I never thought a comic book would make me feel sorry for Katy Perry. But The Wicked + The Divine generated some real empathy for someone whose music I can't stand. It's that damn good.
Written by Kieron Gillen and drawn by Jamie McKelvie with colours and letters by Matthew Wilson and Clayton Cowles, The Wicked + The Divine has been the perfect Comic of the Moment for the last few years. Because it's all about what it's like to love something a little too much.
The ongoing series focuses on a pantheon of 12 reincarnated gods who manifest in the bodies of young adults to become pop stars. The catch is that they will live only for two years after they become earthbound deities. The first six issues of WicDiv — collected as The Faust Act — introduces readers to super-fan Laura, who tracks every little detail of the Pantheon's various members.
She then becomes infatuated with Lucifer, an androgyne David Bowie analogue, who becomes the must-watch morningstar for readers to latch on to: she's got all the seductiveness inherent in the archetype of those who don't give a damn and become famous anyway.
Gadfly blogger/journalist type Cassandra weaves a thread of scepticism throughout the initial issues. We know we shouldn't trust all the glitz, right? But it's hard not to wonder why so many people care.
The title's first big storyline ends in a big narrative explosion — with Lucifer falling out of favour in a shocking way — leaving Laura to reckon with the the void she feels in the rebel god's absence.
WicDiv is filled with cliches about celebrity obsession and media culture; but that's kind of the point. The transparency of the metaphors in The Wicked + The Divine are what's most appealing about the book. Stardom, anger, devotion, jealousy, apathy and the symbiosis between all those various states of being can be all-consuming. The 'normal' world in WicDiv resembles reality in one painful, crucial way: sometimes it seems like we have to embrace numbness just to muddle through our lives. And when something comes along that burns through the fog, it feels only right to deify it, no matter how blatantly unhealthy that is.
Even after her loss, Laura can't just leave the allure of the Pantheon alone. It's the best, brightest thing to ever happen to her. But as the mystery cosmology of these latter-day gods opens up to her, the ugly shadow of all that bright-lights fame and power becomes even more apparent. Here's maker god Woden, confronting one of his former Valkyries as she spills the tea about his creepy fetishes:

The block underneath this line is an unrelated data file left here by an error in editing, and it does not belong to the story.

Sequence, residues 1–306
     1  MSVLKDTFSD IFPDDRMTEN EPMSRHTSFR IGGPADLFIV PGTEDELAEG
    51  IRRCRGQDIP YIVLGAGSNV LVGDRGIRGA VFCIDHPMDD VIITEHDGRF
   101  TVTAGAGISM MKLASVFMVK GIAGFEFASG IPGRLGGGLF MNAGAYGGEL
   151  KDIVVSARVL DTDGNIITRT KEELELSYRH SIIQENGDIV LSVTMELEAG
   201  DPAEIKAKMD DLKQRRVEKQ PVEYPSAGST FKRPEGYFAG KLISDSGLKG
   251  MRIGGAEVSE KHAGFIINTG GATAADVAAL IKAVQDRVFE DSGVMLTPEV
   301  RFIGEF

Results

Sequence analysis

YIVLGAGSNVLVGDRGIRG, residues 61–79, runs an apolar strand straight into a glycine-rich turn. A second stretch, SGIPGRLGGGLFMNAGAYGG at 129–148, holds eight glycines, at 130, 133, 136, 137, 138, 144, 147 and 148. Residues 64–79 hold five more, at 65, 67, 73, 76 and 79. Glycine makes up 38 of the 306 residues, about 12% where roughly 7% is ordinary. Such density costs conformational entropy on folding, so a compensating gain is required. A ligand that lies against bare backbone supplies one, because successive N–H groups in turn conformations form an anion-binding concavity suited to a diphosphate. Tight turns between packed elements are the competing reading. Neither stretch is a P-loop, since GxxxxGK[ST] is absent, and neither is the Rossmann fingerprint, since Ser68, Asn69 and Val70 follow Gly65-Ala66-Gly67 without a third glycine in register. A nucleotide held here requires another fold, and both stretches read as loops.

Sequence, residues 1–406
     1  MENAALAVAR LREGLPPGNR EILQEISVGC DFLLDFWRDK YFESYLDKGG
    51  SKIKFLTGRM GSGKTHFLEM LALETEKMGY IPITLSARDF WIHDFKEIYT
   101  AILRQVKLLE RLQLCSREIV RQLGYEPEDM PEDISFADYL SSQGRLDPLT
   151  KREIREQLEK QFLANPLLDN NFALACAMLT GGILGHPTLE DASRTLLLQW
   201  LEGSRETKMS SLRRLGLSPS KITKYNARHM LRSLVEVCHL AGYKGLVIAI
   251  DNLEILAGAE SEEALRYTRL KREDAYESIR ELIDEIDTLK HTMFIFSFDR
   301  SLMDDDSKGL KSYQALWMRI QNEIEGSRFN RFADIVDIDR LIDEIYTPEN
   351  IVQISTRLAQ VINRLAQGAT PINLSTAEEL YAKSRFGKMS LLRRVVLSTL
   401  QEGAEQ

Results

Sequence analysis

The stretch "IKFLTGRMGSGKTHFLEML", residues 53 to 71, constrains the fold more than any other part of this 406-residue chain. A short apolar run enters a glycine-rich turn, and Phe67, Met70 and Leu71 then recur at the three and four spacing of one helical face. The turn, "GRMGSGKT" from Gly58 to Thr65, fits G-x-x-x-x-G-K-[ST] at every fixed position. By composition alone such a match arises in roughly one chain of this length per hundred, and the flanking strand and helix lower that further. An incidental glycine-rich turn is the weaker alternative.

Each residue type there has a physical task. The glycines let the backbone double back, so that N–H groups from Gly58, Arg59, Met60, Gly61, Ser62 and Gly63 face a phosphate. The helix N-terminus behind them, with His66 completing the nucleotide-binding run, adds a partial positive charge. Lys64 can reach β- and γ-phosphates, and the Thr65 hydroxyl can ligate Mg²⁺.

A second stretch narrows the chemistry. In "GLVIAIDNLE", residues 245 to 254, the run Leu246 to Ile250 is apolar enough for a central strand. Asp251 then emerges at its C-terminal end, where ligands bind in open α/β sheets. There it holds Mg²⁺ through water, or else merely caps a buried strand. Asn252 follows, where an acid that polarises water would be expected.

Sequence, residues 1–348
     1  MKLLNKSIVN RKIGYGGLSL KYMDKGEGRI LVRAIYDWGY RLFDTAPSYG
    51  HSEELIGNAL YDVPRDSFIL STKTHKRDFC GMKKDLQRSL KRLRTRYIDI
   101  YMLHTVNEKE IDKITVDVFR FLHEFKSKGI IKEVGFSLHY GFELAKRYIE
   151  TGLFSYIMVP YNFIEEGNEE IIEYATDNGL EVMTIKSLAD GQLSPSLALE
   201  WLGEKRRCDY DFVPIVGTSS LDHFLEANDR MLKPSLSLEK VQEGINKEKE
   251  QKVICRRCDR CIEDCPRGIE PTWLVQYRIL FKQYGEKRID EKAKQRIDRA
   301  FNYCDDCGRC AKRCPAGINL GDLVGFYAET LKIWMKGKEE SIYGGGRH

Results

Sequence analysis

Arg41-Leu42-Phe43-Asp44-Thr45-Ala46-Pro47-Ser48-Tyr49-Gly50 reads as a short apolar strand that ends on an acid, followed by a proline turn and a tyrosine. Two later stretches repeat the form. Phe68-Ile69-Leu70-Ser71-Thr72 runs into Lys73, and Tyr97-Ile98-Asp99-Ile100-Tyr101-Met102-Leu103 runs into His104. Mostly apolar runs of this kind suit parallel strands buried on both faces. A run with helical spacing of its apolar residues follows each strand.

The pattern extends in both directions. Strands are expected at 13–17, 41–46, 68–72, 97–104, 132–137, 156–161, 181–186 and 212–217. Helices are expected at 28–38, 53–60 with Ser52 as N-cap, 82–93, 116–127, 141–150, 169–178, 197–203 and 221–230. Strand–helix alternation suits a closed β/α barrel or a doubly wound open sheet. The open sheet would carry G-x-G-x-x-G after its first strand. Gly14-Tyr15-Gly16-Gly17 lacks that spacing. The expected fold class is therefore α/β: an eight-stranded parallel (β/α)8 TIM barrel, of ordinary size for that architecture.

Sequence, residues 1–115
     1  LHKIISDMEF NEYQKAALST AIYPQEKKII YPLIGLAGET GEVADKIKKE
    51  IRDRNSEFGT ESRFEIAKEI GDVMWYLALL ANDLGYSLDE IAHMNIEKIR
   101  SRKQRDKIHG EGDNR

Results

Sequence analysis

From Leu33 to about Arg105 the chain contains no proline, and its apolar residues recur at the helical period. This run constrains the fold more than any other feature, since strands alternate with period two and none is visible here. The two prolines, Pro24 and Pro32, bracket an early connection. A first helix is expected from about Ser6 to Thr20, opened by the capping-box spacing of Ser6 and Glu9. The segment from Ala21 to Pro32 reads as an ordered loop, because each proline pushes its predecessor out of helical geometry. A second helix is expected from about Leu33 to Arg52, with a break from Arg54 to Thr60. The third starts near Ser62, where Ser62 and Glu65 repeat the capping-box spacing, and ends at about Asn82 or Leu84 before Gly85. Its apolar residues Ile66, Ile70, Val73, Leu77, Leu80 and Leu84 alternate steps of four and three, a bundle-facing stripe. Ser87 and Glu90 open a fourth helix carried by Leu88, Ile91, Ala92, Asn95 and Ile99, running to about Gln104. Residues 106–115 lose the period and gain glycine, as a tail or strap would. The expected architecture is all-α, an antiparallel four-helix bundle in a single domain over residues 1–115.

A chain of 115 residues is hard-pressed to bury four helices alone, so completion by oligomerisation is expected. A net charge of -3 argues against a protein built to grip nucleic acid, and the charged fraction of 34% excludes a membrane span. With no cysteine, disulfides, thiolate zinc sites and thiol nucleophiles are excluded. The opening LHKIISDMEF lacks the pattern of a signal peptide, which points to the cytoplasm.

The core conceit of pop stars who are gods lets Gillen and McKelvie heighten familiar dramas to radioactive levels. People reading The Wicked + The Divine will likely know all about groupie sex scandals, rap beefs and cross-genre shit-talking. But to see these familiar dynamics become a building-destroying fistfight or a gut-churning, day-glo public humiliation reminds the reader that there are actual people inside of these crucibles. Get too close to these people and you can die a different, more horrible kind of death.
But, ah, the ecstasy to be had is like nothing else, too. This sequence at a rave held by bacchalian beat master Dionysus shows the bliss:
But like any high, there's a downside, too.
Reaching the ultimate height of existence is never a cure-all. That theme pops up again in WicDiv #13, a spotlight on Tara, a goddess who's clearly meant to stand in for sex-bomb singers like Katy Perry. She's been the most mysterious and isolated of all the Pantheon, mentioned in name only in the preceding issues. But we soon learn why she's a recluse and see how people's perceptions of her have boxed her into solely being an object of desire and derision.
When she hides her celestial nature and tries to sing her own non-god-powered songs, it all goes wrong:
The Wicked + the Divine is about the kind of love that burns too hot. Hot enough to burn but also hot enough to transform. It's about fans and artists, haters and lovers, abusers and hangers-on, the treachery and necessity of caretakers. And every time it's felt like a song, book, movie or game has saved your life? That energy is in here, too, in its most romanticized and discomfitting forms. Joy, pain and fame... None of them last forever. This is a comic that never lets you forget that there's a cost to making and consuming art but also reminds you that you should do it anyway. It's good for you. Until it isn't.